Tamahere pots turn up trumps

Jun 14th, 2010 | By | Category: Latest News, Local People
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Searching for the perfect garden ornament was the start of something great for Tamahere potter Colin Bell.

With a background in masonry, Colin decided to have a go at making his own garden pots after a fruitless hunt around the local plant nursery for what he and wife Julia had in mind.

That was eight years ago and since then Tamahere Pots has developed into a small but rewarding business for Colin and his son Craig, in whose Newell Rd, Tamahere workshop the potters create their pieces.

(Tamahere Pots, Newell Rd, 07 856 8571)

Colin admits there were a few hitches initially, but is now very happy with how the pots are turning out. “Our processes are constantly improving,” he says.

Following an ethos demonstrated by an engineering colleague some years ago, Colin keeps his work simple.

He builds internal structures for his pots in a special process and applies three layers of plaster on top. These pots are no lightweights; most weigh in at around 150kg.

“They aren’t something you could just pick up under your arm,” he says.

Father and son make different shaped pots, including “vases” and “fatsos”. They will consider making any shape, but it must be suitable for other pots, due to the time and materials spent making moulds and stencils.

The rectangular shaped pots, among the smallest at around 100kg, are made in moulds from concrete, a medium Colin says is “for keeps”.

“While clay and other materials can be structurally weak and prone to breakages, concrete is naturally reinforced,” he says. “Concrete is a versatile material.”

After construction the pot comes off the spindle, a tag is put inside and the inside is sprayed with concrete to give it a unique texture.

Colin does paint some pots, as the surface is suitable for paint or oxide. However, since oxide is unstable and may fade after being exposed to weather, many people choose to keep the appealing natural colour of the concrete.

The smaller, rectangular pots are made for planting, but the larger ones are ornamental, for show in driveways or gardens.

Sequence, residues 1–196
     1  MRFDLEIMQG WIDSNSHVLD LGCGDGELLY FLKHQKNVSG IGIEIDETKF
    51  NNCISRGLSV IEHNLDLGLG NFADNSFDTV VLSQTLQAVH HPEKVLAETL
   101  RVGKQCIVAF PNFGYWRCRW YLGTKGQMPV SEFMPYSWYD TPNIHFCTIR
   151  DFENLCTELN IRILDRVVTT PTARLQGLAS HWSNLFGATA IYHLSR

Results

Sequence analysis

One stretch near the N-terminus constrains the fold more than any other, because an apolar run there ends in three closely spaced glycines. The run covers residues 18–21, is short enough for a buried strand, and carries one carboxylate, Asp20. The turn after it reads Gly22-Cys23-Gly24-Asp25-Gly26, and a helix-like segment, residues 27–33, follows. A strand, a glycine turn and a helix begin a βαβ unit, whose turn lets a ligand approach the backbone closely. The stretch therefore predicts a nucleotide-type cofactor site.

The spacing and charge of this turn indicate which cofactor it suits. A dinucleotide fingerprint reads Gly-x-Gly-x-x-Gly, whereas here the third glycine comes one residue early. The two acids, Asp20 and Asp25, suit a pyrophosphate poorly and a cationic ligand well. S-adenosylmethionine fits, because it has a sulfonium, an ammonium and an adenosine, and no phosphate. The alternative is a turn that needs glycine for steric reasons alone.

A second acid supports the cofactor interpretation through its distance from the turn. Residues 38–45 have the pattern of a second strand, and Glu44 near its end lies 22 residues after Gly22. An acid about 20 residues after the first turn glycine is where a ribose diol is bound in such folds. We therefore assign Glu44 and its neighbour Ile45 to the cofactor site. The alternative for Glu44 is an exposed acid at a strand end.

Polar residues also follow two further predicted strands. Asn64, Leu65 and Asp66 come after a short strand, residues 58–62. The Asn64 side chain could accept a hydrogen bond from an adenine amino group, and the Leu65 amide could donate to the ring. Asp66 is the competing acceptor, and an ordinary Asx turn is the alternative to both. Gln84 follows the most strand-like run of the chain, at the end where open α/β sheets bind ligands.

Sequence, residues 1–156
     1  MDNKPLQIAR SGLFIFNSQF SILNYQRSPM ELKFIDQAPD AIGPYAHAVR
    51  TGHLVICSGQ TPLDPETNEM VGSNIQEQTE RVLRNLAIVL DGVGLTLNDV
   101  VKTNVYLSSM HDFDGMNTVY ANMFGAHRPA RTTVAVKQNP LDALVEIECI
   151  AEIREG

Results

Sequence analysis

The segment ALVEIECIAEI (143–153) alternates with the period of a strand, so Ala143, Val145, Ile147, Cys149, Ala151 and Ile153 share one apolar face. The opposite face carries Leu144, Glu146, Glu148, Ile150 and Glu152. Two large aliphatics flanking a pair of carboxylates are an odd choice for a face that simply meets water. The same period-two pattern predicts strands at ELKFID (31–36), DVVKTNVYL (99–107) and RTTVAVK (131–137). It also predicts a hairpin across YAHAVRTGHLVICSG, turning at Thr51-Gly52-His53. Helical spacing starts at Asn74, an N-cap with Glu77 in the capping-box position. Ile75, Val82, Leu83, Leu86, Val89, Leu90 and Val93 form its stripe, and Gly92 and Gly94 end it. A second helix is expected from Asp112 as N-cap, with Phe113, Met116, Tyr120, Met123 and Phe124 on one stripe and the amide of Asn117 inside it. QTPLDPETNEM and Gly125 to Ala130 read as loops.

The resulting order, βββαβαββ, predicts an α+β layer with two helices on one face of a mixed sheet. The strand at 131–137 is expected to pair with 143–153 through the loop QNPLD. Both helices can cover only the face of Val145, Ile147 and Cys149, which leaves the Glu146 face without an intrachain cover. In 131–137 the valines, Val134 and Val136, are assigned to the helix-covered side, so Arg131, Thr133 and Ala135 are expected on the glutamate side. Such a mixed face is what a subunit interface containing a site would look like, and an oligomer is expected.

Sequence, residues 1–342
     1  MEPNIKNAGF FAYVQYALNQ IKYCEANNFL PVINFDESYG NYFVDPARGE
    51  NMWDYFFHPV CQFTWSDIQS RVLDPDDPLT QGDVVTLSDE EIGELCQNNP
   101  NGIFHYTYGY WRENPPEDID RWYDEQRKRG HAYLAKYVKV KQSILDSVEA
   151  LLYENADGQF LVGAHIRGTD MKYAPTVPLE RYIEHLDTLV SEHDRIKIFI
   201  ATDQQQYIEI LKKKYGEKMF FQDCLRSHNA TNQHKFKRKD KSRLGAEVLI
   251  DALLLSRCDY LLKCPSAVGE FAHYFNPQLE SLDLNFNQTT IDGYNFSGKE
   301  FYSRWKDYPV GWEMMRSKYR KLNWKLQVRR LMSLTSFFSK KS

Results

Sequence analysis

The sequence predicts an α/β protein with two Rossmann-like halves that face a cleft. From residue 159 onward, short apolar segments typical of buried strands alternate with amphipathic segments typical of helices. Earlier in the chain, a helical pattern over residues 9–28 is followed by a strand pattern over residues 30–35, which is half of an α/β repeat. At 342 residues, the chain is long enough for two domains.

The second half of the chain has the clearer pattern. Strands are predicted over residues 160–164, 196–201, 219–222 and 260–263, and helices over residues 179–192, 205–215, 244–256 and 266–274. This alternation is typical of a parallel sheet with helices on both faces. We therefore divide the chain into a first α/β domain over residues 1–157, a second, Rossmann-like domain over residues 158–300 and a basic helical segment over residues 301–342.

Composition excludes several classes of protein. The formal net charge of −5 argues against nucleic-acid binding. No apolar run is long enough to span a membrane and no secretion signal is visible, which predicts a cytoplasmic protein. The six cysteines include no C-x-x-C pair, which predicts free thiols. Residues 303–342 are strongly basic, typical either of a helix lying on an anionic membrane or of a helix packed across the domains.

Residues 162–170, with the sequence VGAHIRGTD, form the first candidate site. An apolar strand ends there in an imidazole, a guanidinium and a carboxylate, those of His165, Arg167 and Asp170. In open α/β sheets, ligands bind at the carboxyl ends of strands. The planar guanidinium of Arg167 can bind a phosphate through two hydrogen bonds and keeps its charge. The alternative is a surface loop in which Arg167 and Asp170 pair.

Colin prefers the weathered look with the pots tucked into a garden as part of the landscape, rather than on display, shiny and new.

He says applying yoghurt to the outside of the pot encourages moss growth for a more natural look.

Colin and Craig have worked together on and off over the years, “from the age of six, he was out there laying bricks with me”, Colin says, and it is a relationship that works well.

“He’s good to work with,” Colin says. “While Craig is at work during the week, I can get stuck in and do the fiddly stuff.”

Colin and Craig have just finished eight pots for Te Awamutu’s main street, and four are going to Tauranga.

“We seem to have had an influx of orders,” Colin says.

These giants are certainly in demand, in the Waikato and beyond.

(Thanks to publisher Waikato Farmer, June 2010, not online)

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2 Comments to “Tamahere pots turn up trumps”

  1. Cherrie ROunthwiate says:

    Greetings. After the Tamahere garden ramble I am keen to visit and view your pots. There are still some scattered in a garden or two around Tamahere used for the event.
    Do you have seconds at all, and I wondered what your prices are please?
    They also look great in Te Awamutu….threatened to be lost every weekend I see.
    Cheers

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